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Insider Tip

I’m a long-term veggie, and in Spain, it can be quite challenging to find a decent variety of food that I can eat. Trust me, as delicious as they are, the novelty of Spanish tortilla and chickpea stew tapas wears thin after a while. Calle Elvira was an absolute little heaven for me. I pretty much ate my body weight in hummus and falafel!!

Where To Stay In Granada

Luxury Accommodation - 5* Haxaris Casa Boutique, Granada

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Comfort Accommodation - Apartmentos Campo del Principe, Granada

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Budget Accommodation - TOC Hostel, Granada

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How to Get to Granada

Granada is very well connected, and there are several ways you can get here, whether youre doing a road trip in the region or a Granada weekend trip from elsewhere in Europe. I use the Omio App to find the best deals for trains, flights and buses.

By plane: Granada has its own airport, however, depending on where you’re flying from it might be more convenient to fly into Malaga and then catch a transfer coach from Malaga to Granada.

By train: Granada is on the high-speed train route so it’s easy to get from if you’re in Madrid or Barcelona.

By bus: Because Granada is the 5th most city in Spain, it’s well connected by bus to most major cities. 

By car: If you are planning on onward travel as part of an Andalucia road trip, then renting a car will be the most convenient way to get about. However, it can be expensive to park at hotels in Granada.

2 Days in Granada Itinerary: FAQs

When Is the Best Time to Visit Granada, Spain?

Granada can get uncomfortably hot in the summer, and in the winter, very chilly. If you’re wondering when to visit Granada aim for the Spring or Autumn.

What’s the Best Time to Visit Alhambra, Granada?

The Alhambra is Spain’s second most visited attraction, so it’s busy all year round. Naturally, because they are one of the top things to do in Granada, tickets for the Nasrid Palaces during busier peak season sell out weeks in advance.

If you’re planning a short trip, or weekend in Granada then aim for the shoulder season. If you are limited by only being able to visit during the peak season (school holidays) then start your days early, so you are at the Alhambra as soon as the gates open at 8.30 in the morning.

What’s the best way to get around Granada?

Granada is a reasonably large city, however, the main things in this 2 day Granada itinerary are easily accessible from the centre. On the whole, if you can cope with walking up hills, then Granada is best done by foot.

If you do have reduced mobility, then the city does have a great public transport system. There’s a dedicated shuttle bus that runs from the centre up to the Alhambra, look for the C32 route, these run every 20 minutes. There are pick-up spots all over the city, so ask your hotel which one is closest to your accommodation.

How Many Days in Granada Do You Recommend?

Although you can see the best things in Granada in 2 days, it is a full-on itinerary with very little downtime. If you have 3 days in Granada, you’ll be able to do this itinerary at a much more leisurely pace.

What Should I See if I Only Have One Day in Granada?

If you’re strapped for time and wondering what to do in Granada in one day then I would suggest focusing on the Alhambra complex for the morning, just stick to the Nasrid Palaces and the Generalife. Then explore the area of Albaicin in the afternoon before heading to Sacromonte to watch a flamenco show in the evening.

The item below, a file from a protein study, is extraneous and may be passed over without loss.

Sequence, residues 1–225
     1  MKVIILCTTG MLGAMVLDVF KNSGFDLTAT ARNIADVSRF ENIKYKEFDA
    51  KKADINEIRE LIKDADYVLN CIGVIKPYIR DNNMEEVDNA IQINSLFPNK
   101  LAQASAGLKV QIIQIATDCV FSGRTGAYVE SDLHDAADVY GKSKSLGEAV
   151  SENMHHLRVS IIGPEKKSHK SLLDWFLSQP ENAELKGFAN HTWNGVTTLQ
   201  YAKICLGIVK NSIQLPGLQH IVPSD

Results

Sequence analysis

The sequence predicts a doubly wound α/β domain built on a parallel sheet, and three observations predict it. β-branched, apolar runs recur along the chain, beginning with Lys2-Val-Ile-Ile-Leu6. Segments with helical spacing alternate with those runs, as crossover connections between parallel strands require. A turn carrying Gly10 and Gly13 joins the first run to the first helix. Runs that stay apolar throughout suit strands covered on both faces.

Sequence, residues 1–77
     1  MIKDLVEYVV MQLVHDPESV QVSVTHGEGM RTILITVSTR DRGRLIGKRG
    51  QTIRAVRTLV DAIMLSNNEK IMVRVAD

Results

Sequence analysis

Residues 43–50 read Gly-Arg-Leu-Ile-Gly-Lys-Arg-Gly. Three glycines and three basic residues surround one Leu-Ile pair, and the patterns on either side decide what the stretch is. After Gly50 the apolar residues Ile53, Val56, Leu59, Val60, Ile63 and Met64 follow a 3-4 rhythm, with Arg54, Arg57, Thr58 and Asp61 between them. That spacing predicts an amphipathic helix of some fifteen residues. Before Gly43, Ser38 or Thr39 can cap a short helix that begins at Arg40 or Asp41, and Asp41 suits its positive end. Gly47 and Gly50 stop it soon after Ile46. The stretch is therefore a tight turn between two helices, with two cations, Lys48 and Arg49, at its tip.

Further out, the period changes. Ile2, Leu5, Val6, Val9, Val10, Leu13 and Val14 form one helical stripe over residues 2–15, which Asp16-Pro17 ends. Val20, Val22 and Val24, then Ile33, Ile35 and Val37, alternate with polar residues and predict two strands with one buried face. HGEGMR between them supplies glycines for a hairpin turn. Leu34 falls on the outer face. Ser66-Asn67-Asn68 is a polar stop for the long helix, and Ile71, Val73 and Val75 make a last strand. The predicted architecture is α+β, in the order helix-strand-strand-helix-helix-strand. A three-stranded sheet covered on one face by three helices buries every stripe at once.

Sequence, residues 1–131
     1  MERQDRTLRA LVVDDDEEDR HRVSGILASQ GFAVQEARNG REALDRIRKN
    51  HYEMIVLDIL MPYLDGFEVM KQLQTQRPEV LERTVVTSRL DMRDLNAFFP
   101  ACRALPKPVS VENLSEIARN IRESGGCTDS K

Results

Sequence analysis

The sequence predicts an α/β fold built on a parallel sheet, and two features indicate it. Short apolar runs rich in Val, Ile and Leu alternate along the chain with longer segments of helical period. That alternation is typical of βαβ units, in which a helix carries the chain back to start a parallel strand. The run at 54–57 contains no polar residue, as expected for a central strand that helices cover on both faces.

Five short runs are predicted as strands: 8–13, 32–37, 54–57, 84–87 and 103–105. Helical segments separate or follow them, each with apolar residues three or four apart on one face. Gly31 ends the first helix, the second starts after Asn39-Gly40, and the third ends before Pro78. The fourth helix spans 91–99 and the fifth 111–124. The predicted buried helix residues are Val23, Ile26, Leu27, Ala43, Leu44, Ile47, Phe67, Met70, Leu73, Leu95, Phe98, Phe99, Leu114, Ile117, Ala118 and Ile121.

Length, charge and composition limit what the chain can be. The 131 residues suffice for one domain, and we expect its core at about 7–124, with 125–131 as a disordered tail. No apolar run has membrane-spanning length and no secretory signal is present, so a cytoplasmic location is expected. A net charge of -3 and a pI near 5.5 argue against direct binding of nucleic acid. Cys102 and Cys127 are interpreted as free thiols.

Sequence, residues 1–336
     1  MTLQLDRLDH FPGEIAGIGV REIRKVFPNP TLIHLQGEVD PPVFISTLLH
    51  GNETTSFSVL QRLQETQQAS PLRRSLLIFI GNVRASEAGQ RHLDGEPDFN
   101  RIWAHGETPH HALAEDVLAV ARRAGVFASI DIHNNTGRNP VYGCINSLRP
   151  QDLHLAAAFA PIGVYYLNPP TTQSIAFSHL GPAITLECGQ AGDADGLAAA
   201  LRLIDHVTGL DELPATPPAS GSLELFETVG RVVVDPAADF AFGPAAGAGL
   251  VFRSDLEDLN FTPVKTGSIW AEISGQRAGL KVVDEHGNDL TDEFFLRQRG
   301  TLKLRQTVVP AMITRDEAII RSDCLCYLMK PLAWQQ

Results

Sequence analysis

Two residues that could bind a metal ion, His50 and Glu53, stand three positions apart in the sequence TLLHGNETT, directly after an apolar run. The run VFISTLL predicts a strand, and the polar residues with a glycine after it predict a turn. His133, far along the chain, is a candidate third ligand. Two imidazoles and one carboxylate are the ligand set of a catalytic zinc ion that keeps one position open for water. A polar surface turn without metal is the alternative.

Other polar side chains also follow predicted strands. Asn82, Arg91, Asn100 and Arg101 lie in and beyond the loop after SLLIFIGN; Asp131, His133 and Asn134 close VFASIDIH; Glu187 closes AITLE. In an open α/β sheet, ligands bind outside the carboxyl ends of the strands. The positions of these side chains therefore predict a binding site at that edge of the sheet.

If you have a little longer and can spend 1.5 days in Granada, then do the itinerary as I listed, and just skip the afternoon attractions in Granada city centre.

What Can I Do in 3 Days in Granada, Spain?

If you have more time, then spread this itinerary I’ve suggested over 3 days in Granada and enjoy it at a much more leisurely pace.

If you are feeling energetic, then stick with this two-day itinerary, and then escape the city and take a day trip to the Sierra Nevada mountains for hiking. For the evening of the Granada 3 day itinerary go for a luxury spa treatment at one of the Arab baths known as Hammam’s.

Are There Any Free Things to Do in Granada?

There are several free city walking tours in the city. There is also a free walking tour of the Albycin district. The schedule for the free tour depends on the time of year, so check with the Granada tourist information office in the city. These usually all start at Plaza Nueva. 

The Moumenttos Andalusies are also free on a Sunday. The Corral del Corban and Casa de Zafra are always free. 

If you’re feeling energetic enough to walk up to another lookout point, then the Mirador de San Miguel is another spot where you see an outstanding view over the city. It’s a little more off the main beaten path than the one at Saint Nicholas. Find it at Camino del Sacromonte.

How’s Your Trip to Granada Shaping Up?

So how’re your 2 days in Granada shaping up, are you ready? Granada is an absolutely outstanding city, and if you’re in the stages of planning, my suggestion is to secure your travel dates as soon as you can and make sure you book tickets for the Alhambra and Nasrid Palace before they sell out. 

If you’re in Granada already, and you missed your chance of getting tickets for the Alhambra, then book one of the guided tours to see if you can get skip-the-line access that way.  

If you’re planning a weekend in Granada, before moving on to elsewhere in the region, then take a look at these other inspirational guides to help plan your trip.

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Becki from Meet Me In Departures

Adventure travel blogger with a big addiction to the World. An ex-rat-racer who was fed up with sleep-work-eat-repeat materialistic mentality that plagues modern living. I love anything to do with off-beat travel, abandoned places, temples & ruins, street art, wildlife in its natural habitat, adventure sport.....basically anything but the 9-5!